<message priority="error">

            <![CDATA[preformatted compiler error messages]]>



      <task location="ignored" name="jar" time="ignored">

         <message priority="info">

            <![CDATA[message w/name of jar or war file]]>





The way to create this file is to capture the build output in a file ( build.log), and then run a custom Ant task to convert that output to an XML file with the above format, resulting in the build.log.xml file referenced by the <log/> stanza in CruiseControl's config.xml file. See Listing 1 for how this output file is referenced. CruiseControl will merge the build.log.xml file with any other output it may have gathered, including JUnit test results and deployment output.

The Ant task (available in the accompanying download as is the result of trial and error, catching various errors and writing code to capture them. It was originally based on the Text2Xml Ant task. The code is by no means pretty (at least not the bits I've added), but it is functional. The 80/20 (or 90/10) rule applies here. This Ant task catches about 90 percent of compilation errors, enough to keep us happy. The other 10 percent occurs so infrequently that it was much easier to peruse the build log than try to write code to catch and properly report these errors.

Compile the Ant task by using the following command line, assuming that your WebLogic installation is in C:\bea\weblogic81:

javac -classpath "C:\bea\weblogic81\server\lib\ant.jar"

Then create a JAR of the class:

jar cf WlwBuildToXml.jar WlwBuildToXml.class

The following section shows to use this new Ant task.

The CruiseControl Masterbuild Script

We can now create a master Ant script (called masterbuild.xml in this example) that CruiseControl will use to run a build. At first glance it may seem odd to use two build scripts, but this has the advantage of separating the application-specific build logic, including the wlwBuild task, and CruiseControl's specific information, such as how to interpret the build output. Your mileage may vary.

By default Ant only sends the build output to stdout. The WlwBuildToXml Ant task can only process a log file, but the <record/> Ant task will save all output to a logfile.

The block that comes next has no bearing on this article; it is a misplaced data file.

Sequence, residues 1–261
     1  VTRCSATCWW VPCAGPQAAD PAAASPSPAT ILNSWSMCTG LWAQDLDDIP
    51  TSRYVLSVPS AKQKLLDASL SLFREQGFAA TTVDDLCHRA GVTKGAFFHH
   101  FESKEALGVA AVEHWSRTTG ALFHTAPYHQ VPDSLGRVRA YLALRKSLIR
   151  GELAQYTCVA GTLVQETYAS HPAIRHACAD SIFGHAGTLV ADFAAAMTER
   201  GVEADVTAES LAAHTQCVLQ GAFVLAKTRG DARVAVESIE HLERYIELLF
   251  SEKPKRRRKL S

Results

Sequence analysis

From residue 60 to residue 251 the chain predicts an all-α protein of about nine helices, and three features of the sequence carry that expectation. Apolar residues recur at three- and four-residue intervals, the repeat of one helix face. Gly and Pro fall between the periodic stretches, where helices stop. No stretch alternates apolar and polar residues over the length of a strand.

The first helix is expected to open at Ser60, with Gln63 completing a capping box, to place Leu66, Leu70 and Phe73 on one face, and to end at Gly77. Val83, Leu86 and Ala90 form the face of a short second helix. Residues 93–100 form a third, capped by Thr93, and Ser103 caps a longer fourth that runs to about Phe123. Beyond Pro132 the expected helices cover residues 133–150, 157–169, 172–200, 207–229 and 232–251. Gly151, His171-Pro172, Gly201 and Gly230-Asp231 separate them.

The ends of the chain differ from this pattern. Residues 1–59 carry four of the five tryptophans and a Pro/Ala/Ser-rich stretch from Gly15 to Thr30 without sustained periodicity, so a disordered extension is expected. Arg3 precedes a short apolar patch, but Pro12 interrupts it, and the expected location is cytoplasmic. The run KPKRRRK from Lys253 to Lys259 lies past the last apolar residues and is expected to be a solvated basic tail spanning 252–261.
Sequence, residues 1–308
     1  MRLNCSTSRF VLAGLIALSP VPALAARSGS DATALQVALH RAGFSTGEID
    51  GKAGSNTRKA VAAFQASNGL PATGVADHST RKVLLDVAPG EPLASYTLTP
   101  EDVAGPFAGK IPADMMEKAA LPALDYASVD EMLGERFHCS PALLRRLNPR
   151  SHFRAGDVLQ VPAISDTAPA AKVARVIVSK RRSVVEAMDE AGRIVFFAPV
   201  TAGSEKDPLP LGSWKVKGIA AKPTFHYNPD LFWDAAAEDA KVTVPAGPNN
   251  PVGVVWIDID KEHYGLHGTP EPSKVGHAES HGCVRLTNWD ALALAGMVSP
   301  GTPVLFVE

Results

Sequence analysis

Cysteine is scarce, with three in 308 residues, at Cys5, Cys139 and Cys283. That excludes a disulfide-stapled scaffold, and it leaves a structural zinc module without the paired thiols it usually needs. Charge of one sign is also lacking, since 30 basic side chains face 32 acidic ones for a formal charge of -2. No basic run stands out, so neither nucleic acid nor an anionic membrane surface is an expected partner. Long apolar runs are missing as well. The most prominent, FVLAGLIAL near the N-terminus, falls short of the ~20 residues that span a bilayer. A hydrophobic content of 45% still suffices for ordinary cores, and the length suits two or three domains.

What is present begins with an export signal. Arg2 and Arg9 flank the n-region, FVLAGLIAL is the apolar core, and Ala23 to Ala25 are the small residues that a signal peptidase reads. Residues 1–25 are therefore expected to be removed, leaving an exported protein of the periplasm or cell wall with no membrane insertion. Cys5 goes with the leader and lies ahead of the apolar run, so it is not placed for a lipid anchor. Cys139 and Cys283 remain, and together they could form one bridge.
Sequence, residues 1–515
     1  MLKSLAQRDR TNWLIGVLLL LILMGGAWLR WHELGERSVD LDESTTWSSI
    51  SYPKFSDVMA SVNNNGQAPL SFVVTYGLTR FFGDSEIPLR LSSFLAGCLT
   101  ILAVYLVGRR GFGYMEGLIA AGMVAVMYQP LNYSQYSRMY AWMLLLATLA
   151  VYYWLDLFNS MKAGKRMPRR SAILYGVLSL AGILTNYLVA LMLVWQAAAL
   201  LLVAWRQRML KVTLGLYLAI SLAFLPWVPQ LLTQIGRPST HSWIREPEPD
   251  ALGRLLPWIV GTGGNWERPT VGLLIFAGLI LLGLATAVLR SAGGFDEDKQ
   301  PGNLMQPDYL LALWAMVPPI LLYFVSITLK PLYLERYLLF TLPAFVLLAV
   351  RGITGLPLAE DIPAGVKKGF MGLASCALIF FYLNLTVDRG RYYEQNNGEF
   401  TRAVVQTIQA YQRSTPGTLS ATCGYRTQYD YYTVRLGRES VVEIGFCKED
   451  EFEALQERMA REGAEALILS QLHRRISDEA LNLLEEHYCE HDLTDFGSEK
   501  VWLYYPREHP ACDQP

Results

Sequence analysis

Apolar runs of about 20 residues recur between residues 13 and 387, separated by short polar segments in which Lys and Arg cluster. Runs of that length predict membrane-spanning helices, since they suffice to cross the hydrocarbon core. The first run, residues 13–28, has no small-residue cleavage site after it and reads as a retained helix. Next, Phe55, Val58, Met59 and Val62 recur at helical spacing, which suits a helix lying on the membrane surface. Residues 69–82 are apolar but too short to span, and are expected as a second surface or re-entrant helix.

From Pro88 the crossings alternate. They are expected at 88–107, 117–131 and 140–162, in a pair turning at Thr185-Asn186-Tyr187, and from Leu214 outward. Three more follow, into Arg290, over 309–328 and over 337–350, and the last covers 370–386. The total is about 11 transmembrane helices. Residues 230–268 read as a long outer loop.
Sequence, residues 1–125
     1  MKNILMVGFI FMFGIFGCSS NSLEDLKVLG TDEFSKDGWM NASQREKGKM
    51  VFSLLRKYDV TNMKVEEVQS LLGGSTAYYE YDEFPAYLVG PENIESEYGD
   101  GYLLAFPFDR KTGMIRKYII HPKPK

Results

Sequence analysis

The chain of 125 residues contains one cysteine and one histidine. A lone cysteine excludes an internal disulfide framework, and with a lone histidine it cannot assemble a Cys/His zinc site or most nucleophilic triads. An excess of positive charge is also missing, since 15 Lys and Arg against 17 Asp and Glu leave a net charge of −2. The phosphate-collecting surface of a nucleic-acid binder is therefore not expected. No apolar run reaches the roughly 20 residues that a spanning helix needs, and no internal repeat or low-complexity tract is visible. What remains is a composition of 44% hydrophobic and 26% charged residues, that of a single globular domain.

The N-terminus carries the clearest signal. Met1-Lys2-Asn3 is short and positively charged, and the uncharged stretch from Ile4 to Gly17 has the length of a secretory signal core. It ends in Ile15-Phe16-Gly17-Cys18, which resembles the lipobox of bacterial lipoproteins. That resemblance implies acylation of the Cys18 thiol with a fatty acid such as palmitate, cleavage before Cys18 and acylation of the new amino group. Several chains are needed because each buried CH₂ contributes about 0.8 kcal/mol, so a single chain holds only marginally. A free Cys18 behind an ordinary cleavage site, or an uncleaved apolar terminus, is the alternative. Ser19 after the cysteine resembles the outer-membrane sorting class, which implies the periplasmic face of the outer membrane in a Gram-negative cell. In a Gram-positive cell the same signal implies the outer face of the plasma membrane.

Ant is written in Java, and a failure is treated like a Java exception. If an Ant task throws an exception, the exception is passed back to the caller, and subsequent tasks are skipped. That behavior needs to be tweaked, since Ant needs to invoke the custom task regardless of what happens in the wlwBuild task, and only then pass along any exceptions that may have occurred. Thankfully, the kind folks who put together the Ant-Contrib Tasks foresaw this need and include a <trycatch/> task. The resulting build file is below, with the important bits within the <finally/> task.

<project name="masterbuild" default="BuildMikesProject" basedir=".">

   <property name="MikesProject.home" value="${basedir}/checkout/MikesProject"/>

   <property name="" value="${MikesProject.home}/build.log"/>

   <!-- our custom wlwBuild output to xml class -->

   <taskdef name="wlwBuild2xml" classname="WlwBuildToXml">


         <pathelement location="WlwBuildToXml.jar"/>



   <!-- Ant contributed tasks from>

   <taskdef resource="net/sf/antcontrib/">


         <pathelement location="ant-contrib.jar"/>



   <target name="BuildMikesProject">



            <!-- record stdout to a logfile -->

            <record name="${}" action="start" loglevel="info"/>

            <ant dir="${MikesProject.home}" antfile="build.xml" inheritAll="false"/>


         <!--ignore all exceptions, they'll get passed back after 

            the /finally completes -->


            <!-- stop recording -->

            <record name="${}" action="stop"/>

            <!-- run custom task to convert to xml file for CC -->

            <wlwBuild2xml srcfile="${}" 




      <!-- here's a good place to tag CVS if you want to. 

                  Ant will only get here if the build was successful. -->



Once this file is created, test this file on your build server using Ant with the target being BuildMikesProject.